Obongjayar

From Wikipedia, the free encyclopedia
Jump to navigation Jump to search

Steven Umoh, known by his stage name Obongjayar, is a Nigerian musical artist based out of London.[1]

Obongjayar
Birth nameSteven Umoh
BornCalabar, Nigeria
Genres
Occupation(s)Singer
LabelsUnsigned
Associated actsRichard Russell, Wiki, King Krule, Yussef Dayes, Moses Boyd

Early life[edit]

Steven Umoh grew up in Calabar, Nigeria. He was raised by his grandmother; his mother had moved to the UK to escape Umoh's father, who was abusive. Early in his life, he primarily listened to bootleg rap, particularly Eminem, Usher, Nelly, Snoop Dogg and Ciara.[2]

Umoh moved to live with his mother in England at the age of 17, but stayed active in the Nigerian music scene. He grew up a devoutly religious Christian, but became less so after he attended university in Norwich.[2] In college he sang primarily in an American accent, influenced by his childhood spent listening to American hip hop music, but he transitioned to singing in his natural Nigerian-British accent before embarking on his professional career.[3]

Career[edit]

Obongjayar started his career publishing his music on SoundCloud. His work caught the notice of XL Recordings executive Richard Russell, who then asked Obongjayar to contribute to his Everything Is Recorded project.[1] In 2016, Obongjayar released his first extended play, Home, described by Noisey as "a unique voice: one that navigates darkness with nocturnal, near-spiritual hymns."[3]

He followed Home with a second EP, Bassey, which was noted for its sparse production and afrobeat rhythms,[2] as well as its themes of spirituality, politics, and his experiences as a Black person.[3] He also contributed to Richard Russell's 2017 EP, Close But Not Quite.[2]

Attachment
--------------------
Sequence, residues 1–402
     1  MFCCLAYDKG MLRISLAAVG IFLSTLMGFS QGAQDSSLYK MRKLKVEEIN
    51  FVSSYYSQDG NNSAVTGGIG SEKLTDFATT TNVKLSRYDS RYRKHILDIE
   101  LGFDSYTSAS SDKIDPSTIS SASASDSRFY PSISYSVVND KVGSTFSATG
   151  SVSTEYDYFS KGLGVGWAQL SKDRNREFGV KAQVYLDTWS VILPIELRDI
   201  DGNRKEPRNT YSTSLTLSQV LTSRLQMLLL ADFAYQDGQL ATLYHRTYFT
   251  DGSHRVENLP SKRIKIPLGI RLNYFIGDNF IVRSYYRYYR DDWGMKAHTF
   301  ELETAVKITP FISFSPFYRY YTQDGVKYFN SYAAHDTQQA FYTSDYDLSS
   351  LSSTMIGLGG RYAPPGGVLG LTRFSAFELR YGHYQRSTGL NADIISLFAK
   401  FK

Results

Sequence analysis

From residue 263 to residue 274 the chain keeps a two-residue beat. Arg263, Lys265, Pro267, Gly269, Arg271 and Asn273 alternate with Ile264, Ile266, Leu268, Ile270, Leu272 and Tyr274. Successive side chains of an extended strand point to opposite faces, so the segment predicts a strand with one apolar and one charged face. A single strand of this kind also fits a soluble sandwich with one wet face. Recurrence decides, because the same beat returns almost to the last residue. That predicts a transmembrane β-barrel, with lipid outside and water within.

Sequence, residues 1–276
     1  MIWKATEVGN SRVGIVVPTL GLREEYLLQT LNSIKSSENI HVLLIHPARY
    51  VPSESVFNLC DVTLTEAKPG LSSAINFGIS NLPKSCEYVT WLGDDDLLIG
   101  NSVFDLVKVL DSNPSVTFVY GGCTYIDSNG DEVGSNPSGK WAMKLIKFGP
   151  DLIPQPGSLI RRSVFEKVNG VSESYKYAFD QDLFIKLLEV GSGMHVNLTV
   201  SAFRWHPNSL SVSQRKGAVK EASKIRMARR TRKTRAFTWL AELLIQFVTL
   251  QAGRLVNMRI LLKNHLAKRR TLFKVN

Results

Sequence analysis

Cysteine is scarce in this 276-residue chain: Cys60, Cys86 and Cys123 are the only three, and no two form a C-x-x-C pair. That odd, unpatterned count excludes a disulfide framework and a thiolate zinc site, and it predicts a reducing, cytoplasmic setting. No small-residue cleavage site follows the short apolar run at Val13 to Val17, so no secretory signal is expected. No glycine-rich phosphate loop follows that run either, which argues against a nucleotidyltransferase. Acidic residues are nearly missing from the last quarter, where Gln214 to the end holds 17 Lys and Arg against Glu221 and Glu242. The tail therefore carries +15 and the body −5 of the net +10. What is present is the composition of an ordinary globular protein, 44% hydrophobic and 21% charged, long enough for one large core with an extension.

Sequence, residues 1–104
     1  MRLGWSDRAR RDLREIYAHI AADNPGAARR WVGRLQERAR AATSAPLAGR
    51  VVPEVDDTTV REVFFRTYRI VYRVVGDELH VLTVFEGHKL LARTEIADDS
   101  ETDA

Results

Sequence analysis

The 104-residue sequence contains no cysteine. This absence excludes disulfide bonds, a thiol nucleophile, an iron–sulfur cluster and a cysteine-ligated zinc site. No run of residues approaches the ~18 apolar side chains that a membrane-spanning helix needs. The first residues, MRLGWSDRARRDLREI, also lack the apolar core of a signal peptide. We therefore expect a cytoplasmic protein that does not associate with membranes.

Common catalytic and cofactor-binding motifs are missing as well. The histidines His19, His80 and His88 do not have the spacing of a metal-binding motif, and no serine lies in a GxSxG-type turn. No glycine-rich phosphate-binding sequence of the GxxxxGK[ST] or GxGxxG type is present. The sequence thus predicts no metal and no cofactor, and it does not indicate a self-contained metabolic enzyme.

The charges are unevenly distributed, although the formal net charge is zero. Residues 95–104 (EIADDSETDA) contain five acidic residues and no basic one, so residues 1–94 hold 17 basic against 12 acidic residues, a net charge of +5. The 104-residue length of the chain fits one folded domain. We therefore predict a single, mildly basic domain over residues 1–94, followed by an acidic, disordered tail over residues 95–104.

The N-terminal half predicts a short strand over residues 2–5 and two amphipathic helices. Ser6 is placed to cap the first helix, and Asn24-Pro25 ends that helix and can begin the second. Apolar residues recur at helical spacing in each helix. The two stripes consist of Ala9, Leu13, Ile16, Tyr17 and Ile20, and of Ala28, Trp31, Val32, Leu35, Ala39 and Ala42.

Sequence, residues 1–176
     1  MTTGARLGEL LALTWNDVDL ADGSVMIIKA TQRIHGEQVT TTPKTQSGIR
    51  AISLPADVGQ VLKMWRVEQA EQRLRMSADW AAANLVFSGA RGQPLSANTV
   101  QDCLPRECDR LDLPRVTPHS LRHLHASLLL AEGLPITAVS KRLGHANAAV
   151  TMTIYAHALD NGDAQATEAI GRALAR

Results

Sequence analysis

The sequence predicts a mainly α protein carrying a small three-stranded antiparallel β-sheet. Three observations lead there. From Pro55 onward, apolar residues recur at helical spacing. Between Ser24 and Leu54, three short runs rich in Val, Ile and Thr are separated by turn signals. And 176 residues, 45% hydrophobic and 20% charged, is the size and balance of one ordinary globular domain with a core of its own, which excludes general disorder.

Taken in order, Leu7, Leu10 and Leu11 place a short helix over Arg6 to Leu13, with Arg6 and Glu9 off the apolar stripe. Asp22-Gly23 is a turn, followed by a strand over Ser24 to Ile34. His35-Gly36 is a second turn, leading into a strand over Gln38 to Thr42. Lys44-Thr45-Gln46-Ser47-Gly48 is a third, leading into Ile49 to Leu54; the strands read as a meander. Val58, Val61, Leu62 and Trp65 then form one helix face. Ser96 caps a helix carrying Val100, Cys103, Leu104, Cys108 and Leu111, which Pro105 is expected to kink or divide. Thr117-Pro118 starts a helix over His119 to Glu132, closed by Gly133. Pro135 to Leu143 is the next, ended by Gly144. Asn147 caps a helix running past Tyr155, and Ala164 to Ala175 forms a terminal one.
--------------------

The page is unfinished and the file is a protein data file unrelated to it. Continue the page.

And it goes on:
In 2019, Obongjayar featured on Detroit rapper Danny Brown's fifth studio album U Know What I'm Sayin? on the tracks "Belly of the Best" and "uknowhatimsayin¿".

Style[edit]

Obongjayar's music has been called "hard to describe", incorporating elements of afrobeat, spoken word, soul, and electronic music. His lyrics incorporate spiritual overtones, although they are not readily identifiable with any specific religious tradition.[2] A unifying feature of all of Obongjayar's music is his very deep voice, which slides between rapping, singing, and spoken word.[1]

References[edit]

  1. ^ a b c Nembhard, Candice (11 July 2018). "Nigerian-Born Obongjayar Represents the Changing Face of London's Sound". High Snobiety. Retrieved 1 December 2018.
  2. ^ a b c d e Ravens, Chal (20 January 2018). "Get to Know Obongjayar, Who Makes Otherworldly Spirituals for the Modern Soul". Pitchfork. Retrieved 1 December 2018.
  3. ^ a b c Bassil, Ryan (14 September 2017). "Obongjayar Will Make You See Beyond Your Ego". Noisey. Retrieved 1 December 2018.

External links[edit]